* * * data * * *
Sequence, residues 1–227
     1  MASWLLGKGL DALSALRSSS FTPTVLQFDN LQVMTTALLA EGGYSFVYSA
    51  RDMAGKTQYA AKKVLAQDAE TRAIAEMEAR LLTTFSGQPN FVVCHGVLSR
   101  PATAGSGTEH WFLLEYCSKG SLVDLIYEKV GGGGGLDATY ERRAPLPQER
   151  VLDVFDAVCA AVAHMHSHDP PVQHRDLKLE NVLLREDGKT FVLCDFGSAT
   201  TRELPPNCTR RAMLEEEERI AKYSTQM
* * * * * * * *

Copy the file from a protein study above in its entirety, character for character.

Sequence, residues 1–227
     1  MASWLLGKGL DALSALRSSS FTPTVLQFDN LQVMTTALLA EGGYSFVYSA
    51  RDMAGKTQYA AKKVLAQDAE TRAIAEMEAR LLTTFSGQPN FVVCHGVLSR
   101  PATAGSGTEH WFLLEYCSKG SLVDLIYEKV GGGGGLDATY ERRAPLPQER
   151  VLDVFDAVCA AVAHMHSHDP PVQHRDLKLE NVLLREDGKT FVLCDFGSAT
   201  TRELPPNCTR RAMLEEEERI AKYSTQM